When you think about Washington D.C. playground ball, two names need to be mentioned. One is Hugh “Baby Shaq” Jones, and the other is Andrew “SpongeBob” Washington.
In our last issue of Bounce, we put SpongeBob on the cover because he’s been killing the summer circuit for so long, and is now dominating overseas. Baby Shaq on the other hand has been known nationally ever since gaining fame during the And1 streetball tours, and is considered one of the most talented players in the entire DMV area. Both guys came out this weekend for the Washington D.C. Red Bull King of the Rock tour, a one-on-one tournament where the winner won $1,000 and the two finalists earned trips to test their skills in Alcatraz in September for the right to win $10,000. As fate would have it, they matched up in the Sweet 16, with Baby Shaq beating his good friend by two. He went on the win the entire tournament.
I caught up with both of them at the event to talk hoops and their best summer matchups.
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Dime: To start, kinda talk about where you’ve been playing this summer.
SpongeBob: This summer I’ve been playing in D.C. in the Goodman League outside and the Goodman indoor league at Spingam High School. I’ve been playing up in New York in the (Nike) Pro City a lot as well. I was going up there every week and playing in that league as well.
Dime: What’s been the best matchup that you’ve had this summer?
SB: This summer? Probably me against Marshon Brooks from the Nets or Danny Green, he used to play with the Cavs, when I was up in New York. Those were some pretty good games, but this summer I really been focusing on bettering myself and not going so much one-on-one as I’ve done in the past.
Dime: What kinda made you want to do that?
SB: Just because I play in Europe, and you’ve always gotta be able to develop your game and enhance it. In Europe, you’re not going to be able to get 30, 40 points with seven, eight, nine dribbles in a row so you gotta be able to get your buckets in three or four dribbles, and take good shots. So that’s my main goal. You gotta be able to transition yourself.
Dime: Where are you playing in Europe?
SB: I played in the Ukraine last year.
Dime: Where’s your favorite place to play?
SB: Out here in Barry Farms. I love it. It’s my best.
Dime: What makes it so special?
SB: It’s just the whole atmosphere…people on the court. You gotta bring your soul to the hole like Miles (Rawls) says on the mic. If you don’t come down here and play hard or you can’t do it, then they will definitely let you know that you can’t do it. You needa come work on your game before you come back. But when you can do it, they love you you know what I mean? So you just gotta take the good with the bad, but this is the best place, the best atmosphere, the best court that I’ve ever played on.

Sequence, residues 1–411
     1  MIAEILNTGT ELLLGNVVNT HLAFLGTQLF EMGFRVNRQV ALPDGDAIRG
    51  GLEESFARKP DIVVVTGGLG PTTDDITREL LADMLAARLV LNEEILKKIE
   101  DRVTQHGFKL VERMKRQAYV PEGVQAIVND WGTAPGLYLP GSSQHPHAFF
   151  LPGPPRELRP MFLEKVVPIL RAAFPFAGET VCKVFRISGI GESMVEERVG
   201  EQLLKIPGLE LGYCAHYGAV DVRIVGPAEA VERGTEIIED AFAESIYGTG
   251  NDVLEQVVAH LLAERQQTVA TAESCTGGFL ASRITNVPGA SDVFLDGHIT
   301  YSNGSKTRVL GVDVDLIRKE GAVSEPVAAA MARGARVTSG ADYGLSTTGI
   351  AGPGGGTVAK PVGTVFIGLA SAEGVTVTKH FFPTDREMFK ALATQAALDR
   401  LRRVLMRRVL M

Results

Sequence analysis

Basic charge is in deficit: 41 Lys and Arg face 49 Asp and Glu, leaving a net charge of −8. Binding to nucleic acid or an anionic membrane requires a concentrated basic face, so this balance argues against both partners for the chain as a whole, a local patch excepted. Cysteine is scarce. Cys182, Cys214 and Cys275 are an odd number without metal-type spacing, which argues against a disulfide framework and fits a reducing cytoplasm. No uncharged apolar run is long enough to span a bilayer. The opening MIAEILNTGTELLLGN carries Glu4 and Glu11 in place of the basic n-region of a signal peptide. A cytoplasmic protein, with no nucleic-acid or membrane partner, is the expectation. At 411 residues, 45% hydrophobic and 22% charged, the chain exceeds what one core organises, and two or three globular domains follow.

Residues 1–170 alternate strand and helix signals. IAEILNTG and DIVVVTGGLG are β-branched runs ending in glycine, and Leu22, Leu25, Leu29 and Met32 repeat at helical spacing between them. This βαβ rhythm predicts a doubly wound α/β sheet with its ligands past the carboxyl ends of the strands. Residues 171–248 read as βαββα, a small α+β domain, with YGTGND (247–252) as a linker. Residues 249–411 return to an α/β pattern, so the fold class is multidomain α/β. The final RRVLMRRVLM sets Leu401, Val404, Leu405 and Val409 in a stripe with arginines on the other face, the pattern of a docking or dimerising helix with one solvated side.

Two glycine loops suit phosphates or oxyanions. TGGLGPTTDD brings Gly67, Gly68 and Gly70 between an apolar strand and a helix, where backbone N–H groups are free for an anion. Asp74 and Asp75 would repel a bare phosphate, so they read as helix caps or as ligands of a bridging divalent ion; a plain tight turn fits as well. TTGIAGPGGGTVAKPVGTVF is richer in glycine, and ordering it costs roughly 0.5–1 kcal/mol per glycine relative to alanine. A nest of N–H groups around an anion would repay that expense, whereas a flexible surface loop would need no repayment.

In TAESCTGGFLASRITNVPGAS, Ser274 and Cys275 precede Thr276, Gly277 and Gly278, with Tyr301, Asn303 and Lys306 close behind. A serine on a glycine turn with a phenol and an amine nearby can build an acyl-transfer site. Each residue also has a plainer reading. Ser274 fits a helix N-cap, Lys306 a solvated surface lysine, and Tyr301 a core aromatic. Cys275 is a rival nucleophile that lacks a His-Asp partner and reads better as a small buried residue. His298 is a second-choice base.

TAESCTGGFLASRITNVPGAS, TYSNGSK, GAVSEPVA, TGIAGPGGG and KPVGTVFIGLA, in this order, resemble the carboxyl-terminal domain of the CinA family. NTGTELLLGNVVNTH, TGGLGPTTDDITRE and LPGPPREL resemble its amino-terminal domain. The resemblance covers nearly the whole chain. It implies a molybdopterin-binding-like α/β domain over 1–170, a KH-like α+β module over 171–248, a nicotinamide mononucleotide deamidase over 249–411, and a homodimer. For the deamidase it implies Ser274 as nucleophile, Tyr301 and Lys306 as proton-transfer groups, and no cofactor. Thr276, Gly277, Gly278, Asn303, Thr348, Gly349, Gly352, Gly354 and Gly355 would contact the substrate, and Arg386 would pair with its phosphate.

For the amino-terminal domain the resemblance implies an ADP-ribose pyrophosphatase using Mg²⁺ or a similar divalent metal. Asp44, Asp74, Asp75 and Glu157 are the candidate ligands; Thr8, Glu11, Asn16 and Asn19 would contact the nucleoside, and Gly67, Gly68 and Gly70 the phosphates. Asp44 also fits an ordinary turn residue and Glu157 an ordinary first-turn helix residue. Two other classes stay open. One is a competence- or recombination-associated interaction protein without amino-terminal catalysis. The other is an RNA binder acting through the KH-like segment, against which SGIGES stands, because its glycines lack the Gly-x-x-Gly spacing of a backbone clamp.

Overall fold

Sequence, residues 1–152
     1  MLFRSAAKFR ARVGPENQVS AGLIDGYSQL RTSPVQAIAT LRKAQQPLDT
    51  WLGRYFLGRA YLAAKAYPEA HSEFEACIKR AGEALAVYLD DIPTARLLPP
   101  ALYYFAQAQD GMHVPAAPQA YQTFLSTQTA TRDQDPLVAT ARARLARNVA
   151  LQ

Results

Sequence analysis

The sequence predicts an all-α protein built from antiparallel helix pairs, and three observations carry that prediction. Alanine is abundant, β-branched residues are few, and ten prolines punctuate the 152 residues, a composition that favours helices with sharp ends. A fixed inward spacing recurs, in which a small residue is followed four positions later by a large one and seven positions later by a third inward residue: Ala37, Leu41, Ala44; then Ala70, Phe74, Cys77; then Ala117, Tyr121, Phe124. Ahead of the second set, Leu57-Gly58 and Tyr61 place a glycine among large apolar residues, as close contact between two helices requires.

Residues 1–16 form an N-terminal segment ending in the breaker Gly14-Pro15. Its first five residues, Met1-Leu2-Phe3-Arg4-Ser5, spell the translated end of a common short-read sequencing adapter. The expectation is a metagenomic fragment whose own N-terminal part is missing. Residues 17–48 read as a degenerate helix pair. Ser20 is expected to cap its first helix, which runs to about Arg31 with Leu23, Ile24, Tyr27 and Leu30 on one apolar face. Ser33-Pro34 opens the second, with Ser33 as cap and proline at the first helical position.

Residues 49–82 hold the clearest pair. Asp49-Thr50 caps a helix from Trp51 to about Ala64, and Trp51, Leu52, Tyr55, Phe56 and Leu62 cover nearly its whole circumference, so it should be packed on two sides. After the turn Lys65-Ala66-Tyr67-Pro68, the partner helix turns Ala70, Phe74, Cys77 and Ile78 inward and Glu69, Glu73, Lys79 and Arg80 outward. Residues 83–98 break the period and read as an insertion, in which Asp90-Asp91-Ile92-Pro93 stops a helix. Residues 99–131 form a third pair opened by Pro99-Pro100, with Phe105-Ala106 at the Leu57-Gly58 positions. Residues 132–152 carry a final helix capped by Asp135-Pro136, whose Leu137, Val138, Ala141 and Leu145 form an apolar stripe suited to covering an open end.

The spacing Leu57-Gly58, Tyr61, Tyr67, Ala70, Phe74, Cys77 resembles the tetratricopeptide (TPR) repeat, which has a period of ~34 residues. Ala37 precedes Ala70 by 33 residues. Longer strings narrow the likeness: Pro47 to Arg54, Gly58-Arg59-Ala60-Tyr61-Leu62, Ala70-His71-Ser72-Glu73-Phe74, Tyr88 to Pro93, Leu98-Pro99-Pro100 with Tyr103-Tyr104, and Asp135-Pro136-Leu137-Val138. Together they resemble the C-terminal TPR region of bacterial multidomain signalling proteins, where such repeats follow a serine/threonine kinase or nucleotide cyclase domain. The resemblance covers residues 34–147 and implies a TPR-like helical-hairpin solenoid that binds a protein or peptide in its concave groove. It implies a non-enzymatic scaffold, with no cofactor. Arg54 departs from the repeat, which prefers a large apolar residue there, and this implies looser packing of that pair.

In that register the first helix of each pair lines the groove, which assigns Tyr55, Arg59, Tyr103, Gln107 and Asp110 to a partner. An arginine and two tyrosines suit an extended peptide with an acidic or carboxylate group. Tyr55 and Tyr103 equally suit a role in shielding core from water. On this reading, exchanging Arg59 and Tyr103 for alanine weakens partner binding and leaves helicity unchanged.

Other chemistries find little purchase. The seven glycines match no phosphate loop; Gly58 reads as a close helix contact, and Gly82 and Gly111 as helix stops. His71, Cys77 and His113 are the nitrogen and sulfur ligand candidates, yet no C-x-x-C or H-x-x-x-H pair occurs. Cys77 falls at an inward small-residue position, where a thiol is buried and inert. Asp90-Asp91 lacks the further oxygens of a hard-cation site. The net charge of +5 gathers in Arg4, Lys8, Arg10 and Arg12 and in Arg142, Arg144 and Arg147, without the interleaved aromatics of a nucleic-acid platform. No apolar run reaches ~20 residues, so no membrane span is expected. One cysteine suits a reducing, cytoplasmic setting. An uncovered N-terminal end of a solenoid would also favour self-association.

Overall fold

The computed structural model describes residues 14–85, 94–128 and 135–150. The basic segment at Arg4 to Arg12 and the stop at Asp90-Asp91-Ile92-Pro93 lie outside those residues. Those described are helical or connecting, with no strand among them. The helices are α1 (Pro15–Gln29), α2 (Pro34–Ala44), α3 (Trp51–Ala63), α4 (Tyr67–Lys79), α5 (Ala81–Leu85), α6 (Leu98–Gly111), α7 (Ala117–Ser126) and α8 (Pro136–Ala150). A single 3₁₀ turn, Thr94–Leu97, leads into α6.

Dime: You think it’s the best league in the country?
SB: Me personally, yes. I’m a little biased because I’m from D.C. Rucker is very good. They are getting better and also the Pro City is very good indoor. The Pro City indoor is a very, very good league too. But my personal opinion, I think it’s the best, if not one of the two best that I’ve ever played on.
Dime: Who do you think will win the Goodman and Drew league matchup?
SB: Um, I think the Goodman League will win that, of course. I’m from D.C. so I think the Goodman League is gonna pull it out.
Dime: Describe yourself and your game. How do you play?
SB: I’m just a power guard. A power guard. I’ve added a little finesse to my game but I’m still mostly a power guard.
Dime: What’s the best part about playing one on one for you?
SB: It’s you against that man to the basket. That’s the main thing about it.
Dime: Talk about what brought you down here to play at the Red Bull King of the Rock.
SB: Well Miles had called me. You guys did an article on me last year, and I just felt like no matter what, I’m giving back and showing up, playing my game. I’ve got an opportunity to win this and enhance my game that much more, and get my name that much bigger.
Dime: Do you have a go-to move?
SB: Yeah, mid-post, pump fake, pump fake, left floater in the middle of the lane.
Dime: How’d you develop that?
SB: I used to play in the post through high school. I was smaller than everybody else so I had to get a hook shot. So it was like half a hook, but it goes in at a high percentage (laughs).